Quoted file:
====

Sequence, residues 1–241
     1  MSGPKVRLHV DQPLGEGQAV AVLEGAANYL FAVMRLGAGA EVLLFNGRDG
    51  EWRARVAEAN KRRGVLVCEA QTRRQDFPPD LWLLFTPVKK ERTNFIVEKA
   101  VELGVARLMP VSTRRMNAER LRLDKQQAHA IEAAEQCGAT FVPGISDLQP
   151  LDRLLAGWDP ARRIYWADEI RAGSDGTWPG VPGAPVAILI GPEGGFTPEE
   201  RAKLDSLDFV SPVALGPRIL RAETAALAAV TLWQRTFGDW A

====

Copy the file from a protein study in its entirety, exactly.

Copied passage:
Sequence, residues 1–241
     1  MSGPKVRLHV DQPLGEGQAV AVLEGAANYL FAVMRLGAGA EVLLFNGRDG
    51  EWRARVAEAN KRRGVLVCEA QTRRQDFPPD LWLLFTPVKK ERTNFIVEKA
   101  VELGVARLMP VSTRRMNAER LRLDKQQAHA IEAAEQCGAT FVPGISDLQP
   151  LDRLLAGWDP ARRIYWADEI RAGSDGTWPG VPGAPVAILI GPEGGFTPEE
   201  RAKLDSLDFV SPVALGPRIL RAETAALAAV TLWQRTFGDW A